Trump ad­min­is­tra­tion pro­pos­es new rules that strip away many of the re­bate deals be­tween phar­ma and PBMs, push­ing dis­counts to con­sumers

Af­ter threat­en­ing for the past 2 years to do some­thing dra­mat­ic to change the steady up­ward tra­jec­to­ry of list drug prices and slash out-of-pock­et costs, the Trump ad­min­is­tra­tion has just fired a broad­side straight in­to one of the key dri­vers that has stoked pub­lic anger against the bio­phar­ma in­dus­try.

Alex Azar

HHS Sec­re­tary Alex Azar is­sued a re­lease Thurs­day evening say­ing that the gov­ern­ment will change the safe har­bor pro­vi­sions that al­low drug com­pa­nies to pay re­bates to the phar­ma­cy ben­e­fit man­agers that man­age their ther­a­peu­tics. That sys­tem of re­bates has con­tin­ued to shove up list prices while the rev­enue from drug port­fo­lios has flat­tened or in­creased at on­ly a frac­tion of what we’ve seen in pre­vi­ous years.

In­stead, the Trump ad­min­is­tra­tion is propos­ing that the safe har­bor pro­vi­sion will al­low drug com­pa­nies to hand dis­counts di­rect to con­sumers, so they get the di­rect ben­e­fit of the dis­counts that drug com­pa­nies had been pass­ing along to the PBMs like Ex­press Scripts. In place of the re­bates PBMs would earn a fixed price fee.

That should par­tic­u­lar­ly ad­van­tage se­niors on Medicare, said Azar. In fact, the an­ti-kick­back rules are aimed di­rect­ly at the pub­licly fund­ed health plans in the US, but the rules would like­ly spread in­to the pri­vate in­sur­ance mar­ket giv­en the mar­ket heft of Medicare and the Med­ic­aid plans that would be af­fect­ed. Al­so, if every­one knows what mem­bers of Medicare and Med­ic­aid are be­ing charged, then the whole opaque process around re­tail drug prices that’s ex­ist­ed for decades could pre­sum­ably be elim­i­nat­ed or ex­posed.

The dev­il, as al­ways in Wash­ing­ton DC, will be in the de­tails. Here’s the full de­scrip­tion of what the ad­min­is­tra­tion is propos­ing.

Re­bates have long been a thorn in the side of in­dus­try crit­ics, and in­creas­ing­ly the phar­ma com­pa­nies them­selves. These se­cret deals be­tween drug mak­ers and PBMs — which the gov­ern­ment says amount to 30% of drugs’ list price — are used to arrange fa­vor­able po­si­tions on the for­mu­la­ries used to steer mem­bers to par­tic­u­lar drugs. They al­so dic­tate the co-pays that are charged to mil­lions of mem­bers.

For the phar­ma in­dus­try, which has been the tar­get of grow­ing pub­lic anger, the move will be wel­comed as the at­ten­tion shifts to PBMs.

Stephen Ubl, PhRMA CEO

“We ap­plaud the Ad­min­is­tra­tion for tak­ing steps to re­form the re­bate sys­tem to low­er pa­tients’ out-of-pock­et costs,” not­ed PhRMA chief Stephen Ubl. “Our cur­rent health care sys­tem re­sults in pa­tients of­ten pay­ing cost-shar­ing based on the list price, re­gard­less of the dis­count their in­sur­er re­ceives. We need to en­sure that the $150 bil­lion in ne­go­ti­at­ed re­bates and dis­counts are used to low­er costs for pa­tients at the phar­ma­cy.”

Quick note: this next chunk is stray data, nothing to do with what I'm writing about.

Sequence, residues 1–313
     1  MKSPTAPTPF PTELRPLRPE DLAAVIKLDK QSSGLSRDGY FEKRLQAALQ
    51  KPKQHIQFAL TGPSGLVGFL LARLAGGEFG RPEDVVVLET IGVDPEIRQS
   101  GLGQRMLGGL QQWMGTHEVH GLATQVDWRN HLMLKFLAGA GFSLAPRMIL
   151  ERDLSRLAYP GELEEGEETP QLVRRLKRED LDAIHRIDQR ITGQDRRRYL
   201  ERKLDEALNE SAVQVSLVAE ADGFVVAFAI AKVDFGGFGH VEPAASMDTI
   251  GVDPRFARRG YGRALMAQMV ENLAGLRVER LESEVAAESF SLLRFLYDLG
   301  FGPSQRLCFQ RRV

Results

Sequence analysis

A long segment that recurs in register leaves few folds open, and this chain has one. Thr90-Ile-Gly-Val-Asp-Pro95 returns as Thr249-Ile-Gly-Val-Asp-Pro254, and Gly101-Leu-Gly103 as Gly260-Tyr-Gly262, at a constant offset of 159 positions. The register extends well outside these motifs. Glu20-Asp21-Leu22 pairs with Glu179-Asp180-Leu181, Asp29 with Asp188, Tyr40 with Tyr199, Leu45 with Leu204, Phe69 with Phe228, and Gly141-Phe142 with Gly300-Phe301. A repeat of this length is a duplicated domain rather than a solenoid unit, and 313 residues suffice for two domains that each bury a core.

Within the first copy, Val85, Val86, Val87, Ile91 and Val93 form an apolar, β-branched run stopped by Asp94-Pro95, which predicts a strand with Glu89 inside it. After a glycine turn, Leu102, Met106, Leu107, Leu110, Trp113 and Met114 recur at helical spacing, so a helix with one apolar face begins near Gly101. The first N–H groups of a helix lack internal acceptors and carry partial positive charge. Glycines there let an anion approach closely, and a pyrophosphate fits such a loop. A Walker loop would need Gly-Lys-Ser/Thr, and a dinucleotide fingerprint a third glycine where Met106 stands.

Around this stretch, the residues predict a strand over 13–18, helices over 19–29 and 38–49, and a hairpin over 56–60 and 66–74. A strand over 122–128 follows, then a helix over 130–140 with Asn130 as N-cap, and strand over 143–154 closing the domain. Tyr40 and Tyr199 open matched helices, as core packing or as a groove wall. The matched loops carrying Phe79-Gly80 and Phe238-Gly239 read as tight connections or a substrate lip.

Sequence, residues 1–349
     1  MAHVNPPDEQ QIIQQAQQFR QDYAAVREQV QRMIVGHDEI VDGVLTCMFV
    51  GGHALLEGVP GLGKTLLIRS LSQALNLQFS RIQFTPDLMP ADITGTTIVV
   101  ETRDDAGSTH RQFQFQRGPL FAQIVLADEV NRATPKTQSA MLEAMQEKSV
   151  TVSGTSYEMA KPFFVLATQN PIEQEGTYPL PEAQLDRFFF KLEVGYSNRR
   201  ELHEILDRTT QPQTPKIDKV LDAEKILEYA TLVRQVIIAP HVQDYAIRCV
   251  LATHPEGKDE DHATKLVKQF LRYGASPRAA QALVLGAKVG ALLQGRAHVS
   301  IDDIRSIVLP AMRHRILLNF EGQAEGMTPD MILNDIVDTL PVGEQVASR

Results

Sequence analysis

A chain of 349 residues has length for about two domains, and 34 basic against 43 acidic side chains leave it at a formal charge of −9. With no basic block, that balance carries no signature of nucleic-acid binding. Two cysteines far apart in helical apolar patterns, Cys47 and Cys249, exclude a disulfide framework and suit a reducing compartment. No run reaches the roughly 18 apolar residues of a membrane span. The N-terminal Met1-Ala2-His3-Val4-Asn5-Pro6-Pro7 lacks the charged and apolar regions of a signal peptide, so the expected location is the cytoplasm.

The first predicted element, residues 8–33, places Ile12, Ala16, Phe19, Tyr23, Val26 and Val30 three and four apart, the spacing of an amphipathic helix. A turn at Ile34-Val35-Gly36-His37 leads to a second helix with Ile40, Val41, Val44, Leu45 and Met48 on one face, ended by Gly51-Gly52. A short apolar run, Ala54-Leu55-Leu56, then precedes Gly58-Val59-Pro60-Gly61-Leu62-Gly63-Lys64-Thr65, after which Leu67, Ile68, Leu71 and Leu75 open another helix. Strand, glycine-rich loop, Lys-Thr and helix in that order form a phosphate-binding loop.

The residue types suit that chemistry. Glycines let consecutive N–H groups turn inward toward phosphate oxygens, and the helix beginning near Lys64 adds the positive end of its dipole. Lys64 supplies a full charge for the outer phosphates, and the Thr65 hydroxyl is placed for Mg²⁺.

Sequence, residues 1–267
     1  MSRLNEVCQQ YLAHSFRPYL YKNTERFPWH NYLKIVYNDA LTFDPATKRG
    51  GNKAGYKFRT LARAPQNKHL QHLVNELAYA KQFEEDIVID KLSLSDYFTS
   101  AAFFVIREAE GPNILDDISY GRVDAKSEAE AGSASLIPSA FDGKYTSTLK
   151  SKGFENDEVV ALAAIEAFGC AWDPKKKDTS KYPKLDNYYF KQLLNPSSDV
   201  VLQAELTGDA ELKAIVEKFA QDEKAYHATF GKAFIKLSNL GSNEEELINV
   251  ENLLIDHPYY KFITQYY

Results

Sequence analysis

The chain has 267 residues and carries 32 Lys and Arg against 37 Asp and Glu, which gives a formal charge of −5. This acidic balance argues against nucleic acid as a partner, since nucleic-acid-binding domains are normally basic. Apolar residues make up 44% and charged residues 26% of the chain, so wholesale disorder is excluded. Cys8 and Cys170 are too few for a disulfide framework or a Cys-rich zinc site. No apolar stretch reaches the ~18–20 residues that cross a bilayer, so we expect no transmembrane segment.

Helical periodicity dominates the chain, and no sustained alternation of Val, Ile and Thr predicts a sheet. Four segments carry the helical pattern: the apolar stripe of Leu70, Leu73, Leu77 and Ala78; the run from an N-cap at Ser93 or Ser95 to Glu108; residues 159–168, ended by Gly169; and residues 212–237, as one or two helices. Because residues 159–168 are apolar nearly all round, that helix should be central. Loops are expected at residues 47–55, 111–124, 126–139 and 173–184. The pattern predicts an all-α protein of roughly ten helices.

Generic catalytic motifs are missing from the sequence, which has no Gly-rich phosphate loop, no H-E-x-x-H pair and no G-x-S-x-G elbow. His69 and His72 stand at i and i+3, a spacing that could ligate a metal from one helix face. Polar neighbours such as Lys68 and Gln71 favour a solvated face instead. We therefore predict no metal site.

“This pro­pos­al would al­so fix the mis­aligned in­cen­tives in the sys­tem that cur­rent­ly re­sult in in­sur­ers and phar­ma­cy ben­e­fit man­agers (PBMs) fa­vor­ing med­i­cines with high list prices.”

“This his­toric ac­tion, com­bined with oth­er ad­min­is­tra­tive and leg­isla­tive ef­forts on pre­scrip­tion drug pric­ing, is a ma­jor de­par­ture from a bro­ken sta­tus quo that serves spe­cial in­ter­ests and moves to­ward a new sys­tem that puts Amer­i­can pa­tients first,” Azar said in a state­ment. “De­moc­rats and Re­pub­li­cans look­ing to low­er pre­scrip­tion drug costs have crit­i­cized this opaque sys­tem for years, and they could pass our pro­pos­al in­to law im­me­di­ate­ly.”

Next up: Will both par­ties be able to set aside their dra­mat­ic dif­fer­ences and reach a bi­par­ti­san deal? How­ev­er this plays out, to­day’s pro­pos­al now takes cen­ter ring in the de­bate over drug prices.

There’s a lot more dis­cus­sion to come.

Im­age: Pres­i­dent Trump. Shut­ter­stock

UP­DAT­ED: Roche bags 'break­through' an­ti-fi­bro­sis drug in $1.4B biotech buy­out deal

Roche is snapping up a “breakthrough” anti-fibrotic drug in a $1.4 billion buyout.

The pharma giant announced Friday that it is acquiring Promedior, primarily to get its hands on PRM-151, a recombinant form of human pentraxin-2 (PTX-2) protein that has nailed down mid-stage clinical data on idiopathic pulmonary fibrosis and demonstrating its potential for a range of fibrotic conditions.

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Amarin emerges from an ex­pert pan­el re­view with a clear en­dorse­ment for Vas­cepa and high odds of suc­cess when the FDA weighs in for­mal­ly

Several FDA experts who gathered Thursday to consider the landmark approval of Vascepa to reduce cardio events in an at-risk population voiced their unease about various aspects of the efficacy and safety data, or ultimately the population it should be used to treat. But the overwhelming belief that the data pointed to the drug’s benefit and clearly outweighed risks carried the day for Amarin.